Today is my mother's birthday, which is pretty consistently an emotional day for me. Like I wrote about last year, it's not even just this one day, necessarily. It's what I call the Fourth of July syndrome. What I said last year really is right on the money:
Right around the 4th of July every year, it hits: I miss my mom more than ever. It sneaks up on me, too, even though by this point—my seventh year without her—you’d think I’d start mentally preparing myself. But every year it’s still a sudden feeling, knocking the wind out of me when I least expect it. It’s a combination of things, I suppose.A combination of things, for sure. Just a different combination of things each year.
For instance: On Monday, I went with my Aunt Linda and my cousin Claire to watch "The Girl with the Dragon Tattoo" at the Keystone Arts Cinema here in Indy. It's part of the Keystone mall, and as we were pulling in to the parking garage, I realized the last time I had been to this mall was with my mom, probably when I was 17. It's not often I go somewhere in Indianapolis and can say that. I almost didn't want to go in.
But that would have been nuts. So I went in the mall.
The movie ended up being sold out, so we walked through the mall to check out the Anthropologie store. (We went back today and saw the movie: Fantastic. Great adaptation.) As we walked through the mall, I felt discombobulated. I felt like I'd turn to my right and my mom would be beside me, weaving in and out around the slow-walking mall pedestrians, rolling her eyes at me. I wanted to laugh. I wanted to cry. I wanted to punch someone in the face.
Once we were in the store, I lost Claire and Linda for a minute. I walked around a rack and spotted them: Mother and daughter, heads turned together like conspirators, just looking at a shirt or something. Damned if I didn't actually feel my heart fall into my gut at that sight. My mom should be here, with us! With me! I had to fight the urge to bury my face in a clothing rack and scream.
I took a deep breath and stepped away from the perfectly normal sight of my cousin and aunt talking. I could have screamed, I guess. I could have cried. But sometimes, all you can really do is take a deep breath, and go look at overpriced household and clothing items you can't afford.
In less than a minute, I was laughing about something with Claire.
That's the crazy part of the 4th of July/Missing Mom Syndrome. Yeah, it knocks the wind out of me, but then, just as quick, I'm elated. Kind of like how shopping with my mom used to make me feel—I'd be mortified by her racing around the mall like a madwoman, but then ten minutes later, I'd be laughing hysterically with her by a clothing rack. I guess it doesn't have to make sense.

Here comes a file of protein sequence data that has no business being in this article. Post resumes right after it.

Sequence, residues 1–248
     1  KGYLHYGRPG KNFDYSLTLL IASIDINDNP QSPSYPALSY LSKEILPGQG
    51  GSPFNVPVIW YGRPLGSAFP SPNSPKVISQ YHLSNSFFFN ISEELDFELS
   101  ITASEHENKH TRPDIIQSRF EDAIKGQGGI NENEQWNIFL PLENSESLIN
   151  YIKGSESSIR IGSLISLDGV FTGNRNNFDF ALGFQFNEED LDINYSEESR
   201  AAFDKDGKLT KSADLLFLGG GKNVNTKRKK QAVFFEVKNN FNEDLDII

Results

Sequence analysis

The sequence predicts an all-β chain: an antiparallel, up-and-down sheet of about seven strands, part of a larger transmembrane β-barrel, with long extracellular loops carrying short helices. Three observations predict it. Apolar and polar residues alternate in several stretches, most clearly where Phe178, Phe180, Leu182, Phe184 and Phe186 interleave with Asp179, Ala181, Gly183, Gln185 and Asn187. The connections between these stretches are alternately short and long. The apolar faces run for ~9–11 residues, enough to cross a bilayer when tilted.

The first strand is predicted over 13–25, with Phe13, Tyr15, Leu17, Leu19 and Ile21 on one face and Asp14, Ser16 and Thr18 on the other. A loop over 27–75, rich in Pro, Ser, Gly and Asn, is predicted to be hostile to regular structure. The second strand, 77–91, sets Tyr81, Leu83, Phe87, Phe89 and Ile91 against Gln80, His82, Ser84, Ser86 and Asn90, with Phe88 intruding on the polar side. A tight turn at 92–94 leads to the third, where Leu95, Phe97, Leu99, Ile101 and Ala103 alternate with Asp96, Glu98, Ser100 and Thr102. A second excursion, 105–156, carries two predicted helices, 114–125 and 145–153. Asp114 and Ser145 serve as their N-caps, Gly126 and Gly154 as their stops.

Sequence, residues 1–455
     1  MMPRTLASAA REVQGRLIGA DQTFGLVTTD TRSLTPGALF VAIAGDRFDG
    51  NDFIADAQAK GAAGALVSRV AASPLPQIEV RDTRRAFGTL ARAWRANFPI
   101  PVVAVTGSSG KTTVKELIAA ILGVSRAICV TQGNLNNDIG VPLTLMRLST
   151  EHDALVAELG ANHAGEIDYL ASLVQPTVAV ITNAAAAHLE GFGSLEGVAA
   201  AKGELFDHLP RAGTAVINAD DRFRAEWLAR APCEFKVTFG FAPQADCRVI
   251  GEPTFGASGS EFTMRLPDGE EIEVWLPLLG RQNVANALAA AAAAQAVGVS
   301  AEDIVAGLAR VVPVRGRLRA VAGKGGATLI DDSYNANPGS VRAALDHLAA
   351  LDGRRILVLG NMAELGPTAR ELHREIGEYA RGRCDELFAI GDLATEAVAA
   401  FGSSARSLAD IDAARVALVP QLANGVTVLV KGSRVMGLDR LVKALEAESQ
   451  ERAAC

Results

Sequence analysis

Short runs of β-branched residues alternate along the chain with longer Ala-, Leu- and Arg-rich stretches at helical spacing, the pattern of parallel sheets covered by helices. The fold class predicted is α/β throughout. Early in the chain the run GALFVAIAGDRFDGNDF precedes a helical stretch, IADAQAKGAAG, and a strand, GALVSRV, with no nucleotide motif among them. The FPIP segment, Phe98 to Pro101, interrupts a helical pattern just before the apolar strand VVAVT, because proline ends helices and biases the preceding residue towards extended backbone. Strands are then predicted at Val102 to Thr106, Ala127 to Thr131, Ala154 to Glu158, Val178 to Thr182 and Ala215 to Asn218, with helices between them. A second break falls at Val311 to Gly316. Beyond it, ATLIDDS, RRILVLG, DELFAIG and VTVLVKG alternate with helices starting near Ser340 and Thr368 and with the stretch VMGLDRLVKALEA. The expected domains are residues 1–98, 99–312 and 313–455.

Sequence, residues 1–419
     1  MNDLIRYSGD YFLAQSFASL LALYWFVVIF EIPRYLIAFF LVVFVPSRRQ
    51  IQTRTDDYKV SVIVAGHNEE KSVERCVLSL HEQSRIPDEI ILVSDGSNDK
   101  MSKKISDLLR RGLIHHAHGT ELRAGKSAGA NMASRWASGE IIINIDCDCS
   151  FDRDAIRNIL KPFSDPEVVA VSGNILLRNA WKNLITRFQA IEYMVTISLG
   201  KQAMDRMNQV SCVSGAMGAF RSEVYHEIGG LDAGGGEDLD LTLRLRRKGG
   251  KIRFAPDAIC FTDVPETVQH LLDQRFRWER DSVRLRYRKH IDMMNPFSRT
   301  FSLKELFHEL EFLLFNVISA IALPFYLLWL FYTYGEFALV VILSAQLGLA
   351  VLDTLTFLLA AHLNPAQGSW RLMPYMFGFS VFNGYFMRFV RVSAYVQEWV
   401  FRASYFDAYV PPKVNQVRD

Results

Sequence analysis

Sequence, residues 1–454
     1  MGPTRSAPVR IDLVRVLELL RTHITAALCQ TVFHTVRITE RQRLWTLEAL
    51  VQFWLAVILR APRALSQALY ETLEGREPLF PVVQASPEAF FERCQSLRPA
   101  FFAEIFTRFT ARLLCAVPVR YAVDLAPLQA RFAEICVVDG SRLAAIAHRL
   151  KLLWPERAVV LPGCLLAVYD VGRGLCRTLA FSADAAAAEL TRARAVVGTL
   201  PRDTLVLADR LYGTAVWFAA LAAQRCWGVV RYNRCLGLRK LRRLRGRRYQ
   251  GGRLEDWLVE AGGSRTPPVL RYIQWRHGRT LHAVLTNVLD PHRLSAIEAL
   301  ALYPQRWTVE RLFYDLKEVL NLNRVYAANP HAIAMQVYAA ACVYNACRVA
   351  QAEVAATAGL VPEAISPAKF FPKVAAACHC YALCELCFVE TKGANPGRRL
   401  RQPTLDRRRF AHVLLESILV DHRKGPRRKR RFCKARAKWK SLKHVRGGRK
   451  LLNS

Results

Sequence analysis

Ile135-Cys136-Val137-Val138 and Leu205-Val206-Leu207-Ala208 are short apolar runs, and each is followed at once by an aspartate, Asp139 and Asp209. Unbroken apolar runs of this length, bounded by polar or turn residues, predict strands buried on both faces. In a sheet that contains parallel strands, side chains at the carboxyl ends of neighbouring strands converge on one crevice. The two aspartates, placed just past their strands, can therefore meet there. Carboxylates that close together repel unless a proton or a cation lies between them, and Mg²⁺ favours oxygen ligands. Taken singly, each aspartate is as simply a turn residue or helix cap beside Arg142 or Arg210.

Which leads me back to Regina, my kindred spirit. I put this song on tonight, and just thought, Yes. Exactly.
It's called "One More Time With Feeling," and this is how it goes:
I think about how I want so badly to be doing something meaningful in my life, something that would make my mom proud. Something that does not involve waiting tables. Like Regina sings, "You thought by now you'd be/So much better than you are" and I did, I really did. I don't want to disappoint her."Your stitches are all out
But your scars are healing wrong
The helium balloon inside your room has come undone
And it's pushing up at the ceiling
And the flickering lights it cannot get beyond
Everyone takes turnsNow it's yours to play the partAnd they're sitting all around youHolding copies of your chartAnd the misery inside their eyes isSynchronized and reflecting into yours
Hold on!One more time with feelingTry it again, breathing's just a rhythmSay it in your mind until you know that the words are rightThis is why we fight
You thought by now you'd beSo much better than you areYou thought by now they'd seeThat you have come so far
And the pride inside their eyesWould synchronize into a love you've never knownSo much more than you've been shown"
I think my mom would respond with something like this:
"Hold on! One more time with feeling. Try it again."
After all, breathing is just a rhythm. So what can we do? If you can, go shopping with your mom. If you can't, whatever you do, just hold on. And do it with feeling.